Quotes From My Non-Bryant & May Books No.4

Christopher Fowler
'Darkest Day' was my fourth novel and my second bash at incorporating Bryant & May into a supernatural thriller, and again I wasn't happy with the result. I had been bullied into adding the supernatural elements by the publishers, and had argued for writing a straight crime novel, but no, we ended up with 'Night of the Living Dead' and it didn't really work - or sell. I loved the central idea, though, and when the Bryant & May books took off and the schedule was stepped up I seized the chance to rewrite the book completely, placing it in the canon where it was supposed to be. The novel hinges on the first time that electric light was introduced into a public building. 'It's a shame really,' replied Bryant. 'What must it have been like in the world that existed before the 28th of December 1881? There was such a thing then as absolute darkness. And there was something else perhaps, a collective warmth, a hidden strength. People were bound together by superstition and folklore. Families were made strong by myth-making and tale-telling. I think something was lost the day they turned the lights on, something indefinable and very important.'
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Reading & Writing
Darkest Day


Alison (not verified) Wed, 15/01/2014 - 09:21

In reply to by anonymous_stub (not verified)

This was my first introduction to B&M, and I wanted more from the start. The conversation at the end about the Ford Zephyr (forgive me if I've got the model wrong) with no brakes remains a classic.

Dan Terrell (not verified) Wed, 15/01/2014 - 17:54

In reply to by anonymous_stub (not verified)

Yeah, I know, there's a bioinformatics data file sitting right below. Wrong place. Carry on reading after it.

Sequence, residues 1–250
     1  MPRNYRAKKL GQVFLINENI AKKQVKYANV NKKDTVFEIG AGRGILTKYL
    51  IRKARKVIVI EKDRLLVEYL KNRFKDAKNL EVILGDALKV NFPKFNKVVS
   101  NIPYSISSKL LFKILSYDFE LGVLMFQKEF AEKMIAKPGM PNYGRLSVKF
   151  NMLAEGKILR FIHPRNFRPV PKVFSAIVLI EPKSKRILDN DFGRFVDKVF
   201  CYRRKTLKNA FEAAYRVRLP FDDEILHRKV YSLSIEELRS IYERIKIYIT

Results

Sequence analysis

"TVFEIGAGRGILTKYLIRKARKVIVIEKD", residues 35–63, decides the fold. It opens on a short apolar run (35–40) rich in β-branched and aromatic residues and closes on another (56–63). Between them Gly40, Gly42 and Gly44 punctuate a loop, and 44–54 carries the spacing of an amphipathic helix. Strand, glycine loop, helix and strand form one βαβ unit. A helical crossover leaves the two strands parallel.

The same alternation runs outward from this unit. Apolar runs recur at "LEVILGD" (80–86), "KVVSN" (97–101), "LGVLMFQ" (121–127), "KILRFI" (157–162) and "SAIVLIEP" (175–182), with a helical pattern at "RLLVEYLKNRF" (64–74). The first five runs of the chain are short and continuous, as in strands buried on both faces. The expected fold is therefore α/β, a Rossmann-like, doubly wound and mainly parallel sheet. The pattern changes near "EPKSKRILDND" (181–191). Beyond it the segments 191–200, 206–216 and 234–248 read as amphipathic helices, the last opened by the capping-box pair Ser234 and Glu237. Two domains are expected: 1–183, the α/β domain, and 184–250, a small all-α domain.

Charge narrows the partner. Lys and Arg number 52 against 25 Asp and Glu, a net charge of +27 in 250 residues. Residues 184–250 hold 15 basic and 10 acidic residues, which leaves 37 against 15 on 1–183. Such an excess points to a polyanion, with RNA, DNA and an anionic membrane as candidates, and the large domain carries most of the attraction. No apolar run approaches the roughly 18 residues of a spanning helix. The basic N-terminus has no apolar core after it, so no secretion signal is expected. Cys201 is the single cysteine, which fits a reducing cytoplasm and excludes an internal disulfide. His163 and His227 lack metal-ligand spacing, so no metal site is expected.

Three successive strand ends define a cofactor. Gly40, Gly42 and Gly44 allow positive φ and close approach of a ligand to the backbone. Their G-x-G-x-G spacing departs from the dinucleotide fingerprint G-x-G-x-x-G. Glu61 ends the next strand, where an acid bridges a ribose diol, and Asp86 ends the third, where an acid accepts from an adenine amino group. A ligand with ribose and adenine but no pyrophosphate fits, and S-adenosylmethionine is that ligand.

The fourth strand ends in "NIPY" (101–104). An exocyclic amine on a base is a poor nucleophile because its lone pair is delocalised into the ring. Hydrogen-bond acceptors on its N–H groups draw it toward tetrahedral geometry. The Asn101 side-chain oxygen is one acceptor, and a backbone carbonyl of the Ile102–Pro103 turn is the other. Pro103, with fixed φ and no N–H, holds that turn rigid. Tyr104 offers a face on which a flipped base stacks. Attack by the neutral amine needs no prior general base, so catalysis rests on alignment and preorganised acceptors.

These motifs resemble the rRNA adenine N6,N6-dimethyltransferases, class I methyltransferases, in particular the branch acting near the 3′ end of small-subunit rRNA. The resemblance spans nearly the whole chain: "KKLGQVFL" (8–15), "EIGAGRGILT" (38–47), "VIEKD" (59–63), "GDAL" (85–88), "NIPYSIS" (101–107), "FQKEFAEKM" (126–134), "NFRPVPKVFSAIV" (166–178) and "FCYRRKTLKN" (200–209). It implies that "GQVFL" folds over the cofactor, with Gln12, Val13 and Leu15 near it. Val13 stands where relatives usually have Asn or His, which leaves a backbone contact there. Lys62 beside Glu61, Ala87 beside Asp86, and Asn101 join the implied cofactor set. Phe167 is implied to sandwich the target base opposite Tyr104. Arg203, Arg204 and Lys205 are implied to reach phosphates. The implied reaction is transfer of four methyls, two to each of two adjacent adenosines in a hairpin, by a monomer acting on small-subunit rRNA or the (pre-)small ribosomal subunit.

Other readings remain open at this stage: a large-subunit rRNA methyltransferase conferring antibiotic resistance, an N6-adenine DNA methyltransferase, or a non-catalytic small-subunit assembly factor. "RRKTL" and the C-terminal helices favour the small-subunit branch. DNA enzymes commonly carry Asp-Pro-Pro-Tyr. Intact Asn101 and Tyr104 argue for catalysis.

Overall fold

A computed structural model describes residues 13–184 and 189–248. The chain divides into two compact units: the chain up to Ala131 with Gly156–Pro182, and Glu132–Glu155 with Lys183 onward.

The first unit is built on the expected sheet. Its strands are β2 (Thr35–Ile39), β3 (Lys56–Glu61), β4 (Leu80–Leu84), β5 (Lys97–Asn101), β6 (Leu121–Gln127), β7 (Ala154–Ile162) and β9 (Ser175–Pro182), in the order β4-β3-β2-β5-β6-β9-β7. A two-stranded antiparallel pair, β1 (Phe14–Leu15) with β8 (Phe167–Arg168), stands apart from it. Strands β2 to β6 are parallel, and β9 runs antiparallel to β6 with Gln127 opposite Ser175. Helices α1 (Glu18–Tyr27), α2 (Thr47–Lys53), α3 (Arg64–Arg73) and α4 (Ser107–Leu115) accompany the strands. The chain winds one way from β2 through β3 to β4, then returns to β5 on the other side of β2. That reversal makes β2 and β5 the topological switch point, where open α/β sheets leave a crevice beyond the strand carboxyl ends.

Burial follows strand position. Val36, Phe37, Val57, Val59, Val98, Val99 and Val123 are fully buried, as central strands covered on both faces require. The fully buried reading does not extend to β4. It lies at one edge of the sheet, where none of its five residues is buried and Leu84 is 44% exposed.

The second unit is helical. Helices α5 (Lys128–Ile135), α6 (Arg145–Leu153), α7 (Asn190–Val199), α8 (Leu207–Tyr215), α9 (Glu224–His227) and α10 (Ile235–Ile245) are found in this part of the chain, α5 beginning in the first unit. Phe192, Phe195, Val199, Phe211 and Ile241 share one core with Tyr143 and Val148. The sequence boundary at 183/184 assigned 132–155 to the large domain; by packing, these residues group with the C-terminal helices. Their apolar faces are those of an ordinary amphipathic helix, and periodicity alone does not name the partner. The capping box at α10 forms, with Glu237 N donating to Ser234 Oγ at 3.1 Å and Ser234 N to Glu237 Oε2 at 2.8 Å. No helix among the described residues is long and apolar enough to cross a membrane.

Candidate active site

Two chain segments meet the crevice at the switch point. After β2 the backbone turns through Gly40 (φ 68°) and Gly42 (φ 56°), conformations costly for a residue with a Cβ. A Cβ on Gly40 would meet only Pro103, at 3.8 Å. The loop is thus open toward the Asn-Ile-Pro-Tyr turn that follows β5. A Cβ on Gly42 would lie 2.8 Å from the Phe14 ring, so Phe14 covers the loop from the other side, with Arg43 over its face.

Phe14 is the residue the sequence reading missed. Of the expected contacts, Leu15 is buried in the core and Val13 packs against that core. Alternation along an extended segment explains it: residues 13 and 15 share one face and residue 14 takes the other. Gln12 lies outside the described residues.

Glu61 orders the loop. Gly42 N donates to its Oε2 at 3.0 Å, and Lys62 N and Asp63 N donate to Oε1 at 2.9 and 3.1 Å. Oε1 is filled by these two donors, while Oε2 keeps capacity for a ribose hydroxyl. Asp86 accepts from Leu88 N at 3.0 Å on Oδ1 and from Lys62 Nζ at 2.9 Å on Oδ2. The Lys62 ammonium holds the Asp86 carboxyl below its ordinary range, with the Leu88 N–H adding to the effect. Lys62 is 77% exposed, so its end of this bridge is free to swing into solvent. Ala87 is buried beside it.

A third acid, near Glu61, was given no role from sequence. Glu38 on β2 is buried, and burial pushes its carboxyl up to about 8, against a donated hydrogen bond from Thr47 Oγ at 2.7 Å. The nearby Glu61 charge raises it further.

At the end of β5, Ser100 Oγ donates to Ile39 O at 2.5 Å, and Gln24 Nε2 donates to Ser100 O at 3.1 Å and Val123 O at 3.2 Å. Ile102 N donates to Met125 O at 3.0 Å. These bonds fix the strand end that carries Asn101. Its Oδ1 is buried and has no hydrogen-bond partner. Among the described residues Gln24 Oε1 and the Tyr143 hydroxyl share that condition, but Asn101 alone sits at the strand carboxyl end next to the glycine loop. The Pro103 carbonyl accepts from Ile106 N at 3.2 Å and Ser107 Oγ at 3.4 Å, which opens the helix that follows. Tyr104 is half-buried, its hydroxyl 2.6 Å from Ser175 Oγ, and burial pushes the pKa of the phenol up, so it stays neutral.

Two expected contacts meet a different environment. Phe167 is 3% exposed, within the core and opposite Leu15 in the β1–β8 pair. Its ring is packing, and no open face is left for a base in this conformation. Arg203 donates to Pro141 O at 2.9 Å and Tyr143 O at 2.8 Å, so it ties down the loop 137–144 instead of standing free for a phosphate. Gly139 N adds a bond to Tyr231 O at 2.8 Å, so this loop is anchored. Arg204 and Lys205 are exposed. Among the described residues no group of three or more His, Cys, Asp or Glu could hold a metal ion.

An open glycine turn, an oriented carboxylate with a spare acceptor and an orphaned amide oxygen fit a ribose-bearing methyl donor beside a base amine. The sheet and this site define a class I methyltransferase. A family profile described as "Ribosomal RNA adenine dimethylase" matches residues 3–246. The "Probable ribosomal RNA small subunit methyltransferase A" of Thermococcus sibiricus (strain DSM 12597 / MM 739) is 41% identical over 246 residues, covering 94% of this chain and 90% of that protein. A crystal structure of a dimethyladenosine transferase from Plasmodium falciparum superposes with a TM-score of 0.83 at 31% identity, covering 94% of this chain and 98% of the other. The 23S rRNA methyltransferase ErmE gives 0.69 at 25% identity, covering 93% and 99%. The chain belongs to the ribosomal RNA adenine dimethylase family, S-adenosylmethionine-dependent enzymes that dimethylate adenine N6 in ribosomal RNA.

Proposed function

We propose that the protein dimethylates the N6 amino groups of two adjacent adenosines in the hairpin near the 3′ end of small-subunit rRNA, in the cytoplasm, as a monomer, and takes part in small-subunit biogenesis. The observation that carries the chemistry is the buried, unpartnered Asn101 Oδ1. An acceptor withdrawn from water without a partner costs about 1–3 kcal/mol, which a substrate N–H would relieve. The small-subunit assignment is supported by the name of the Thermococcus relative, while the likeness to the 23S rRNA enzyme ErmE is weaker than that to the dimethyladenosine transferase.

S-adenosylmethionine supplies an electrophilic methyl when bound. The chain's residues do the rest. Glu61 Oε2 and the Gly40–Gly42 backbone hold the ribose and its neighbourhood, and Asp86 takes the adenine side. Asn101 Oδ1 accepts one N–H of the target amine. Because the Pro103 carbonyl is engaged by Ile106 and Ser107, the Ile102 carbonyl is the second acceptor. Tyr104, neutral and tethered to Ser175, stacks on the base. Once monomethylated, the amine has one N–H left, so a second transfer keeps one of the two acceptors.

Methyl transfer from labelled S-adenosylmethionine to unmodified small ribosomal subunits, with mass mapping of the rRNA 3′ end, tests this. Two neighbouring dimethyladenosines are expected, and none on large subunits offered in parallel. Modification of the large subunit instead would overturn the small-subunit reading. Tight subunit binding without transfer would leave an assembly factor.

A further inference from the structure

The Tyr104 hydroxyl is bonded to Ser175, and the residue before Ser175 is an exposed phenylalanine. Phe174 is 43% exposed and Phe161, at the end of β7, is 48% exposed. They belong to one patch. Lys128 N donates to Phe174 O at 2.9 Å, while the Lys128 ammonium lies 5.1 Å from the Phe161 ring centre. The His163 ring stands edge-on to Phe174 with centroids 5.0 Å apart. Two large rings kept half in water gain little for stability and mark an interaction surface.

I'm about the start reading the book. Look forward to it because by now I've somewhat forgotten the B&M book you turned it into.
However, where there were public buildings, surely there were also torches (of the eye-watering kind) affixed to buildings and also hung and carried lanterns. Semi-rural and rural areas would have been far darker depending on the moon and cloud cover and, yes, great for sleeping or story telling.
Last evening I read that while people went to bed earlier before the coming of sustained illumination, they usually slept for only four hours and then got up for several hours before returning to bed for another four hours of sleep. Then each day at noon they took a couple hours siesta, like the Spanish still do. This pattern, it's written, more closely duplicated our body's natural rhythms than our sleep now and people should have slept far better. Interesting.

Bride of the B… (not verified) Wed, 15/01/2014 - 18:26

In reply to by anonymous_stub (not verified)

This was the first of your books that I read. I picked it up because I loved the cover and read it in three sittings while on holiday in Istanbul, usually in the early evening with the call to prayer sounding all around. Still have a huge fondness for it and *whispers* prefer it to Seventy Seven Clocks. Sorry.

Jo W (not verified) Thu, 16/01/2014 - 12:15

In reply to by anonymous_stub (not verified)

Bought and read '77 clocks' before I managed to get hold of a copy of Darkest day,so haven't yet made the comparison. It's in the pile of twelve books on my bedside table!! ( Refer to earlier comments by fellow book addicts) but I'm sure anything with B&M will be great. I've even started spotting lookalikes when I'm out and about!

jan (not verified) Thu, 16/01/2014 - 15:11

In reply to by anonymous_stub (not verified)

yes i prefer "Darkest Day" interesting that seems to be the favourite from the small selection so far.

Is the statue on the front from Stoke Newington cemetary by any chance? or if not do you recall the location the photo was taken?

Dan's point is interesting sleeping time still does vary in modern times. farmers get by on very little sleep in the summer but make up the hours in January and Feb. The harvest moon is now supplemented by headlights on the combines but whether we are having a gr8 or wet summer time still is precious in the summer months. Many village pantos take place in late Jan and February through till March because traditionally this was downtime for village dwellers. Its suprising to townies who think of panto as connected to Christmas - well it is but not exclusively.

Helen Martin (not verified) Thu, 16/01/2014 - 20:36

In reply to by anonymous_stub (not verified)

I haven't read Darkest Day but I liked Seventy-Seven Clocks much better the second time I read it. I have no idea why but it was almost like reading a different book.